Practices are being offered a free trial of Duo OPH – a chlorine dioxide foam formulation for high-level disinfection of ophthalmic instruments distributed by Tristel.
Duo OPH was developed specifically for ophthalmic devices, including those that make direct contact with the eye. It can replace non-compliant solutions such as alcohol or soaking, and is approved by the Therapeutic Goods Administration (TGA) and in line with the relevant Australian Standard.
Duo OPH has been recognised by international and local peak bodies, including in Optometry Australia’s recent Infection Control Update
Many Practices Don’t Use Approved Solutions
Ash McMaster, Tristel’s Australia Managing Director, believes a lack of knowledge and outdated practices often dictate how practices and clinics reprocess devices that touch the eye, including tonometer prisms, diagnostic lenses, pachymeters and A- and B-scan ultrasound probes.
He said the majority of practices use alcohol wipes, dilute hydrogen peroxide or sodium hypochlorite, which neither meet requirements in Australia for device disinfection, nor demonstrate sufficient microbiological efficacy. Some may be an infection control risk and have been known to damage equipment.
According to Mr McMaster, Australian Standards state medical devices that touch a mucosal surface – such as the eye – are required to undergo high-level disinfection with a product recognised by the TGA. They are classed as ‘Class IIb Medical Devices’, which Duo OPH falls under, aligning it with AS/NZS-4187.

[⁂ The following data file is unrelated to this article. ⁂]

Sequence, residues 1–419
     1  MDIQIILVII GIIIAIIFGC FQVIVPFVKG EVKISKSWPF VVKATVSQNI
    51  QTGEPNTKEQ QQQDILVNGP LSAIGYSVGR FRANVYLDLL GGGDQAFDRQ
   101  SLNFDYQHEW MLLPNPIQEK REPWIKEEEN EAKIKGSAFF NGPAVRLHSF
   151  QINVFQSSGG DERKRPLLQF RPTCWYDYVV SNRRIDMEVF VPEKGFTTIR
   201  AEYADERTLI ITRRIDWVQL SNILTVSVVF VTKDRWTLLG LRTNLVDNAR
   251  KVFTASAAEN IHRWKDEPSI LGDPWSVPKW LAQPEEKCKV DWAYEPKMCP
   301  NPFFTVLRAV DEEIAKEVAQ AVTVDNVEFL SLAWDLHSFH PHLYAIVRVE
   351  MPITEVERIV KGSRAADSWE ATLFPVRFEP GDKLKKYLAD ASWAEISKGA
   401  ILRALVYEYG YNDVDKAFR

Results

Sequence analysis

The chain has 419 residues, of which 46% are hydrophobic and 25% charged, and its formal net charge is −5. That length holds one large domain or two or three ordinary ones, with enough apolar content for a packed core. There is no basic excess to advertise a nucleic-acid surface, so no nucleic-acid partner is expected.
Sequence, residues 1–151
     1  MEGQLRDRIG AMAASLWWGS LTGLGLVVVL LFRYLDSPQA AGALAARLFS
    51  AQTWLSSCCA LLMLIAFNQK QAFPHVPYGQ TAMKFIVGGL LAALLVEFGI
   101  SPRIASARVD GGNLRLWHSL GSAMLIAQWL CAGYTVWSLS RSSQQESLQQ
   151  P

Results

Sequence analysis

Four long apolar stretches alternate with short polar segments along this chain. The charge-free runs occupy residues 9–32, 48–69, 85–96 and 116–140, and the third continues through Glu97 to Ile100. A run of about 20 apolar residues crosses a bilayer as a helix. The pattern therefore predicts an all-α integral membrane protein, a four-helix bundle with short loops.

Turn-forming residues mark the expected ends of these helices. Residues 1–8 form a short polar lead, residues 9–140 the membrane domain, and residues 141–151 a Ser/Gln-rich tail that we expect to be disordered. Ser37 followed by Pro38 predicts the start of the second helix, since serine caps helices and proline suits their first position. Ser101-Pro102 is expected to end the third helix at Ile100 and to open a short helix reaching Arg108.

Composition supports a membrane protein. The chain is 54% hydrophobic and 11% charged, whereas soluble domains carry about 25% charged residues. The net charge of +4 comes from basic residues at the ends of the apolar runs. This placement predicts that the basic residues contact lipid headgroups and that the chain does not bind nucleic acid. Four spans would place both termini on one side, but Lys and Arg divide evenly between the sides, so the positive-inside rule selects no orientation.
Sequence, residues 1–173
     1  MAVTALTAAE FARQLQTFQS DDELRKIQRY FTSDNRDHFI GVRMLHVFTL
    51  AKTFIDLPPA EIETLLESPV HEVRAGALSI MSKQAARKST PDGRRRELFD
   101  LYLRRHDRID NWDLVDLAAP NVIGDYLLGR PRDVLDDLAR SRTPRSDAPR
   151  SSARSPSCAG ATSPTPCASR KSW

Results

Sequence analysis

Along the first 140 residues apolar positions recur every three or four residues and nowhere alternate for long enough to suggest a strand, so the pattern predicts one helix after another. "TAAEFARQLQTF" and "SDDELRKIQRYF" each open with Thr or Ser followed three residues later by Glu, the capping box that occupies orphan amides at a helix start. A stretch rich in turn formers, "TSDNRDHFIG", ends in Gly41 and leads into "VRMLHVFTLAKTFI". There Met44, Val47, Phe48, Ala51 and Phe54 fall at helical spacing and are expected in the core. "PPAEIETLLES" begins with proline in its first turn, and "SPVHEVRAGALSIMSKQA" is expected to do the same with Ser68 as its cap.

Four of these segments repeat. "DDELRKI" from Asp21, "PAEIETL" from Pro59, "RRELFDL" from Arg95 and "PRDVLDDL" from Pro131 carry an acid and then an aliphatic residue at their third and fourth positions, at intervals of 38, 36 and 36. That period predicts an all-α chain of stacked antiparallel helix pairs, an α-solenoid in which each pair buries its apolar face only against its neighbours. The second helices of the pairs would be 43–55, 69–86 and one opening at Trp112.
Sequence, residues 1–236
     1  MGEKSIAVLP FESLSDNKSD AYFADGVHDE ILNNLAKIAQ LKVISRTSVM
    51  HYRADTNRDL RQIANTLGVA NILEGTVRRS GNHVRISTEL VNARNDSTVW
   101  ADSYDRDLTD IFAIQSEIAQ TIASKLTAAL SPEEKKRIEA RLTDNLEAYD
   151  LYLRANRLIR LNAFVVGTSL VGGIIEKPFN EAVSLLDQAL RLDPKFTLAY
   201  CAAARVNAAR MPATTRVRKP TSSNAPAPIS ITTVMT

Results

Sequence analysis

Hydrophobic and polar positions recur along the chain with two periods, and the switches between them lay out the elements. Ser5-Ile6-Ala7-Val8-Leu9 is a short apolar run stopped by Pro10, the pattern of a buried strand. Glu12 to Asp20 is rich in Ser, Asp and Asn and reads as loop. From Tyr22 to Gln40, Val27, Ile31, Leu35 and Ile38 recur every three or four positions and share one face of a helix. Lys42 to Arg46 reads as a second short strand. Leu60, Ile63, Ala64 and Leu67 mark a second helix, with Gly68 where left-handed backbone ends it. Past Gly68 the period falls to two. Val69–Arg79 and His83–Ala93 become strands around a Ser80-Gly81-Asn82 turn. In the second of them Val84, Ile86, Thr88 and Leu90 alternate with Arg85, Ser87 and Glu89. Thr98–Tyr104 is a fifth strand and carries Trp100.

“The unique foam formulation passes local regulatory requirements as a high-level disinfectant, with efficacy against required organisms, and is approved by most major device manufacturers,” he said. “Duo OPH has been recognised by international and local peak bodies, including in Optometry Australia’s recent Infection Control Update.”
Mr McMaster said alcohol wipes and dilute hydrogen peroxide were not TGA-approved for disinfection of medical devices. While sodium hypochlorite has recently been discussed as effective against SARS-CoV-2, this chemistry is not approved for medical devices and is deemed ‘off-label’ use.
Additionally, he said most alcohol-based products claim to be effective against viruses in a five-minute contact time, and in some cases, this is achieved with soaking carriers in a test tube. However, this was not reflective of real-world use of alcohol wipes, where residual alcohol evaporates before being effective.
“Medical device disinfectants must be tested under real life scenarios, in worst-case testing on actual devices,” he said.
“Chemistries listed on a device’s Instructions For Use have passed material compatibility, not demonstrated efficacy in line with local requirements. Prolonged use of these chemistries can lead to damage to devices, such as scratching or clouding, or fixing of proteins.”